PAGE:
New rules set to ban gender stereotyping in adverts

A controversial advert showed girls as ballerinas and boys as scientists.
A controversial advert showed girls as ballerinas and boys as scientists.
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Adverts which portray men unable to change a nappy or a woman struggling to park a car will be banned under new rules laid out by advertising regulators.

The portrayal of “harmful gender stereotypes” will be outlawed in adverts as part of new regulations aiming to crack down on commercials which could impact the aspirations of people watching them.

Under the new rules, adverts that “belittle” a man for carrying out stereotypically “female” roles or tasks would also be banned, while those which emphasise the contrast between a stereotypical personality trait for a boy – such as being daring – with that of a girl – eg caring – need to be “handled with care”.

The Committees of Advertising Practice (CAP) said that any advert aimed at new mums which suggests that looking attractive or keeping a home pristine is a priority over other factors such as their emotional wellbeing would also be banned.

Shahriar Coupal, director of CAP, which is responsible for writing and maintaining the UK Advertising Codes, said: “Harmful gender stereotypes have no place in UK advertisements. Nearly all advertisers know this, but for those that don’t, our new rule calls time on stereotypes that hold back people and society.”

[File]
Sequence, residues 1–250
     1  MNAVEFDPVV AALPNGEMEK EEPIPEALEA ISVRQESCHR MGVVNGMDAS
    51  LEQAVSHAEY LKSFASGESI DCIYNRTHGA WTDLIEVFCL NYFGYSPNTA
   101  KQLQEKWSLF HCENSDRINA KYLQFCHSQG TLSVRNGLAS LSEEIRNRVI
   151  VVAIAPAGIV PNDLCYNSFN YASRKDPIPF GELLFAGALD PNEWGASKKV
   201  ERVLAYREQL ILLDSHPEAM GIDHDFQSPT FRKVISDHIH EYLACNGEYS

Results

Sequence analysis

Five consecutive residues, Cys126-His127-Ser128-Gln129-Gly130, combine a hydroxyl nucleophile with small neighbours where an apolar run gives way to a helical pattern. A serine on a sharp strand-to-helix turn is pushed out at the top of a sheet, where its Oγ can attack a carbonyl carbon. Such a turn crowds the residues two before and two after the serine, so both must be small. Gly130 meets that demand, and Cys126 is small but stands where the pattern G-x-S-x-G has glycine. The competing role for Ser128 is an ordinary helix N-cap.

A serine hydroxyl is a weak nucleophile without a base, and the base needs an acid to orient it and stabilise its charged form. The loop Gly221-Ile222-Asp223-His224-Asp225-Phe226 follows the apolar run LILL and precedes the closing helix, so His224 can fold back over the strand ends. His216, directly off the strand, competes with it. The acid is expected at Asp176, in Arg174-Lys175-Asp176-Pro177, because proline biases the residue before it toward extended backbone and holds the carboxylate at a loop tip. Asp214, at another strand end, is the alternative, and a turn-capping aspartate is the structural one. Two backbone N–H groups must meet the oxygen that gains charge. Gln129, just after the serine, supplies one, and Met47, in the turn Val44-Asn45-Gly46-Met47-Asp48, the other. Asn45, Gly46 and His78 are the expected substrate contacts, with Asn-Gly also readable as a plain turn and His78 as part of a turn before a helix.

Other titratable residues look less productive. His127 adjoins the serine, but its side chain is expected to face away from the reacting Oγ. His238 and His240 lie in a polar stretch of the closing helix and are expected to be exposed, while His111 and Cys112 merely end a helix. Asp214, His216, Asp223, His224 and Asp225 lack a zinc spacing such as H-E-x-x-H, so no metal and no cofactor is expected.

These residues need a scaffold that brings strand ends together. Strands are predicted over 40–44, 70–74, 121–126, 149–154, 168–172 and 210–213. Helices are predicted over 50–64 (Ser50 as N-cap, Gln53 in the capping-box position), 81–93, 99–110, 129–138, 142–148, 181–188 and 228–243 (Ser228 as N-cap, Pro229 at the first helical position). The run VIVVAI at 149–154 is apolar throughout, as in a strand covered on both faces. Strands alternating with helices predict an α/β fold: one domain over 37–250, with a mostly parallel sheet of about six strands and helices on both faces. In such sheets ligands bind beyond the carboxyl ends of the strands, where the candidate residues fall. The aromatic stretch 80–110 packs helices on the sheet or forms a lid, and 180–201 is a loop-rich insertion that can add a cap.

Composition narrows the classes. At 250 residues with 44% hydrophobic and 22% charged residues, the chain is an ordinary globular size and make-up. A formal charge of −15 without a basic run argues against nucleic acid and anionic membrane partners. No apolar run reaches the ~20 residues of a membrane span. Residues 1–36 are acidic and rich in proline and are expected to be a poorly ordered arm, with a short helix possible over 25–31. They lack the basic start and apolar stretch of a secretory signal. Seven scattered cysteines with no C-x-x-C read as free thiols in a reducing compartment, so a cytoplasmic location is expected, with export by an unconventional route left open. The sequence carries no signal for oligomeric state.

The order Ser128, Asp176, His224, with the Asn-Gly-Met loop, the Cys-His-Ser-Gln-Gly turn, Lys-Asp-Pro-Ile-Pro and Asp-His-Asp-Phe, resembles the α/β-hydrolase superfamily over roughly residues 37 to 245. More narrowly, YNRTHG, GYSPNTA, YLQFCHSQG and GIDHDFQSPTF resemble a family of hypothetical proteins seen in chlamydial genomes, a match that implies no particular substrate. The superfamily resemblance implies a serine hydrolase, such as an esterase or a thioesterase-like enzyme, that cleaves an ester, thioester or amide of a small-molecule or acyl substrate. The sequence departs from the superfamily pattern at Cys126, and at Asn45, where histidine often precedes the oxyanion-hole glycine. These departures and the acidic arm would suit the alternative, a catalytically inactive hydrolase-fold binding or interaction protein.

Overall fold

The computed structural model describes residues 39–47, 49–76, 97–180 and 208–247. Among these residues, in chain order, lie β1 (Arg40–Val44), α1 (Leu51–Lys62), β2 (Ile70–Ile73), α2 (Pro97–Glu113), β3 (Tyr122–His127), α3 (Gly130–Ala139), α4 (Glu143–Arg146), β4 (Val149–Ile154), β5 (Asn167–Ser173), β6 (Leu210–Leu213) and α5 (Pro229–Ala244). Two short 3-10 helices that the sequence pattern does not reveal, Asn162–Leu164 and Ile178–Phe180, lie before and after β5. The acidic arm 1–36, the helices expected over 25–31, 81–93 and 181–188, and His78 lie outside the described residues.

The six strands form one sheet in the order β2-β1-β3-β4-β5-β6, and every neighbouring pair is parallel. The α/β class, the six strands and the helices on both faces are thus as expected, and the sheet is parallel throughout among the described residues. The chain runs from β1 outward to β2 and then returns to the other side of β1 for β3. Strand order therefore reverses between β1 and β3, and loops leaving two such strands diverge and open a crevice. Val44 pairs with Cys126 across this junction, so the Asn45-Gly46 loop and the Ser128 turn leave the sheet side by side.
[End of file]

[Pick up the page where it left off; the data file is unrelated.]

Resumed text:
The Committees of Advertising Practice (CAP) said the new rules would apply to broadcast and non-broadcast media – including online and social media – and will come into force from 14 June.

A review into gender stereotyping by the Advertising Standards Authority (ASA) found evidence suggesting that harmful stereotypes can restrict the choices, aspirations and opportunities of young people and adults. It said that gender stereotypes can be reinforced by some advertising, which plays a part in “unequal gender outcomes”.

Last year, complaints about an advert for baby milk brand Aptamil, which showed female babies growing up to become ballerinas and boys scientists, were not upheld as the ASA did not have the power to act on the grounds of gender stereotypes. Under the new rules, an investigation would be likely to be launched into a similar ad.

Ella Smillie, gender stereotyping project lead for CAP said: “The evidence we published last year showed that harmful gender stereotypes in ads contribute to how people see themselves and their role in society.”

The new rule in the Advertising Codes states: “[Advertisements] must not include gender stereotypes that are likely to cause harm, or serious or widespread offence.”

CAP said, however, that the new regulations would not seek to ban gender stereotypes outright, but to identify specific harms that should be prevented. It said that commercials which depict glamorous, attractive, successful, aspirational or healthy people or lifestyles would continue to be acceptable, while adverts would be allowed to target one gender only.

Meanwhile, the rules said that adverts which use gender stereotypes to target the negative effects of stereotyping would also be acceptable.